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Grown Ups and Financial Reality
Every Friday my syndicated column appears in a bunch of newspapers in southeastern Ontario. Here's this week's!

Last week, in New York, the Staten Island Ferry collided with the pier, sending passengers hurling towards the deck. That scene is about to be replayed, all across the Western world. Our ships are coming in, and it’s not going to be pretty.

For many years, we have been living the high life. Our governments have promised us free health care, abundant retirement income, beautiful roads and parks, and all kinds of goodies. And it’s all paid for with borrowed money! But what happens when the money runs out?

We caught a glimpse of it in Greece, where workers have been rioting, throwing Molotov cocktails into banks, and killing several employees. What got their ire up so much? Greek public workers have been living quite high on the hog. Many can retire in their fifties or early sixties. They’re given bonus pay equal to an extra two months of work each year, and that pay is a lot higher than private sector workers get already.

When Greece inevitably approached bankruptcy, and had to be bailed out, countries like Germany, who were footing the bill, demanded austerity measures. Instead of retiring at 61, Greek public employees would now have to work until 63. And their pay would be frozen, too. Germans, it should be noted, can’t retire with full pension until 67. But for some reason Greek rioters don’t feel ashamed that Germans have to work longer to pay for Greek salaries.

Canada’s not in as bad a shape as other governments. But that doesn’t mean we’re in the clear. Baby boomers are set to retire, and that will cause an earthquake on government balance sheets. Whether it’s CPP or health care, we’re going to be on the hook for billions, at the same time as the proportion of Canadians actually working and paying taxes will fall. Yet politicians won’t talk about the crisis that this will inevitably cause. Instead, many parties just keep proposing even more sweeping social programs.

During the British election, where the Conservatives recently won a very unstable minority government, nobody talked honestly about their looming financial crisis, either. Honesty apparently doesn’t win you votes.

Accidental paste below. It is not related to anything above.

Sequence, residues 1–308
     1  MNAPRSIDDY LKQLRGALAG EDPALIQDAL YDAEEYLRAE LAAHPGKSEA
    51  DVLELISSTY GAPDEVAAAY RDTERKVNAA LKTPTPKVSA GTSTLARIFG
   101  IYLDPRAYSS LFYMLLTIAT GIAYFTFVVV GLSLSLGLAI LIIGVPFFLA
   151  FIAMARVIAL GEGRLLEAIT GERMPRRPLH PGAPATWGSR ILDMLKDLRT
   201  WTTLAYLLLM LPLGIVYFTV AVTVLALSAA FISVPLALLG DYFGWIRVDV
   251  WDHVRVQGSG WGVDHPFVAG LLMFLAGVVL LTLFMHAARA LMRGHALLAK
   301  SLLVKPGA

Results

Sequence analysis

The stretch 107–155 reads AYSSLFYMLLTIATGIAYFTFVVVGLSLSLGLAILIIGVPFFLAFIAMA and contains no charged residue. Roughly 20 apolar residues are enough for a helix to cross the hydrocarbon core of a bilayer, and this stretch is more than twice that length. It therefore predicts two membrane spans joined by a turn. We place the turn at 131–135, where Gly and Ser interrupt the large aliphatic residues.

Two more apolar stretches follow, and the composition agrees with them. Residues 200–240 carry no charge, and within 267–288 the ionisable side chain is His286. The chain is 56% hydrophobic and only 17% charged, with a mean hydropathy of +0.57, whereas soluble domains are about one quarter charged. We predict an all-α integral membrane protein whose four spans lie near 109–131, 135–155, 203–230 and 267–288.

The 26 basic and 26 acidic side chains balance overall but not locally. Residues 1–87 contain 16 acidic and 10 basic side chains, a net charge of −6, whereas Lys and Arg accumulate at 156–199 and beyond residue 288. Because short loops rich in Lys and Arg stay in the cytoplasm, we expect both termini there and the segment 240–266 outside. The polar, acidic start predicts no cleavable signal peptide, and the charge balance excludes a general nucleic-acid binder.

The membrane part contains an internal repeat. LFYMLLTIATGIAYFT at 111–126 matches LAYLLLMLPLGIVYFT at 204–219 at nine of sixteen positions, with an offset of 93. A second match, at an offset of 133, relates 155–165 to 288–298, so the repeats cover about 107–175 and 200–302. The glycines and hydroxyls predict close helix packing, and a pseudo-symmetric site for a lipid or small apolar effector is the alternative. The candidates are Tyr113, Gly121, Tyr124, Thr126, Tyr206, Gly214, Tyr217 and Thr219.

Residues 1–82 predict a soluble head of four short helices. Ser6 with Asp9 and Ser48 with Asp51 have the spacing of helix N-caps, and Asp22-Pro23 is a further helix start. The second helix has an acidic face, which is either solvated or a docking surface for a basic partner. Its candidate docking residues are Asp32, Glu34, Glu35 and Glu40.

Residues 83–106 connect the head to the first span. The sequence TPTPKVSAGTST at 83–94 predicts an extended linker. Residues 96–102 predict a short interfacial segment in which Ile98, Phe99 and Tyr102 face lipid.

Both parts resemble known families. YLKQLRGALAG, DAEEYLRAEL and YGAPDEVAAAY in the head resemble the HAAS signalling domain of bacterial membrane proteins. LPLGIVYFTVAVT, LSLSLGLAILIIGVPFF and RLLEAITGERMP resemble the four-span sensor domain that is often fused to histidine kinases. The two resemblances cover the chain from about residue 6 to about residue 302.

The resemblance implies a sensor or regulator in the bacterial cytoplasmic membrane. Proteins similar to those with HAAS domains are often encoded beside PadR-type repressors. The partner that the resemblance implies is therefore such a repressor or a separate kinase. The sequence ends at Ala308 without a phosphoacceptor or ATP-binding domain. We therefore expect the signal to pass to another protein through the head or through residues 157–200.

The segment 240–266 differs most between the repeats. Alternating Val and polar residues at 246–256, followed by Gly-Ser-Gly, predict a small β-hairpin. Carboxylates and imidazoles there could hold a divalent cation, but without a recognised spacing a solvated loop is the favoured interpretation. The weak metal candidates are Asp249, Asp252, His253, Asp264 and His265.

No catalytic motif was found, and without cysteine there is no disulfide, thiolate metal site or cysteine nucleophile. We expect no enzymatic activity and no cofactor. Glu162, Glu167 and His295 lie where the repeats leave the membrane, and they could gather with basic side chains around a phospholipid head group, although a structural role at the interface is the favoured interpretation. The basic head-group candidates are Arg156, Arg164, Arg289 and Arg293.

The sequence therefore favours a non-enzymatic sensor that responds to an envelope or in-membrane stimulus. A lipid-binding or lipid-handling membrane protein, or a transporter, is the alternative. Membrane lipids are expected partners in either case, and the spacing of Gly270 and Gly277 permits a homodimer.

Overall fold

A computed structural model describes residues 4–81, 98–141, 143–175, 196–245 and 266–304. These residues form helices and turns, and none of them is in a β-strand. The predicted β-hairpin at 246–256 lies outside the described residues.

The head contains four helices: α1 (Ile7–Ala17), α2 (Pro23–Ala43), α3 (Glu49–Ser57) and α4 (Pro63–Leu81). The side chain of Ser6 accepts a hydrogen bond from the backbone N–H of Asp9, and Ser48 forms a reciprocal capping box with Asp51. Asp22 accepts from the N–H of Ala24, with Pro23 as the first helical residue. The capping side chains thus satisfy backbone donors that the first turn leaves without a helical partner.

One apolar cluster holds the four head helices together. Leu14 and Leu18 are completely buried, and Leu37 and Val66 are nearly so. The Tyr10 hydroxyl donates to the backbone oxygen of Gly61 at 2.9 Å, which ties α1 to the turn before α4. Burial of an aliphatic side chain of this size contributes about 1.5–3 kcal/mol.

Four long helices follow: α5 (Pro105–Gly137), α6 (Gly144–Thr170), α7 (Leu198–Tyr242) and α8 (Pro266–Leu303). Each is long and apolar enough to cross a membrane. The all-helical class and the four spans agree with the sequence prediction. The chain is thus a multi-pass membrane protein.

Maybe, then, the problem is not solely with politicians. Perhaps the problem is also with us voters, who continually allow politicians to bribe us with tax dollars. They promise us largesse from “Other People’s Money”, and we obediently check the box next to their names. Meanwhile, the world financial situation grows more dire from bailout upon bailout until the entire house of cards falls down. Relatively better off countries are now borrowing money to save countries who have borrowed too much money. Anyone feel like Alice in Wonderland?

Recently my daughters and I watched a movie set on the western frontier in the 1800s. Everybody saved and worked so hard to build a better life. It reminded me of the farmers I know today; up before the sun, rarely taking vacations, and working as hard as possible to have something to leave to their children.

We have lost that mindset. As the government does more and more, we start to expect it to do more and more. Then, when governments have to announce that the party is over, people protest by destroying stuff, like a toddler throwing a temper tantrum. Adults don’t have temper tantrums. They sigh, feel sorry for a while, but then they pull up their boots and get to work fixing stuff.

We’ve become a world of children. And kiddies, our ship is coming in. Are we going to set fire to it, or are we going to get to work trying to put everything back in order? It’s a choice all of us are going to have to make soon. I sure hope we choose right.

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At 3:46 PM , Blogger LauraLee Shaw said…

Big huge "Amen" Sheila! I could totally hear your voice in this one, and it is time for Christians to not only pray, but take a stand. Much love, sister.


At 7:57 PM , Blogger Michelle said…

I used to do legal collections before I had kids and I've seen this coming for a long time. People rely too much on credit and self gratification and not thinking about how they will pay for this. I feel guilty about buying myself capris and t-shirts, let alone thinking about what I've seen other go into debt for.

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About Me

Name: Sheila

Home: Belleville, Ontario, Canada

About Me: I'm a Christian author of a bunch of books, and a frequent speaker to women's groups and marriage conferences. Best of all, I love homeschooling my daughters, Rebecca and Katie. And I love to knit. Preferably simultaneously.

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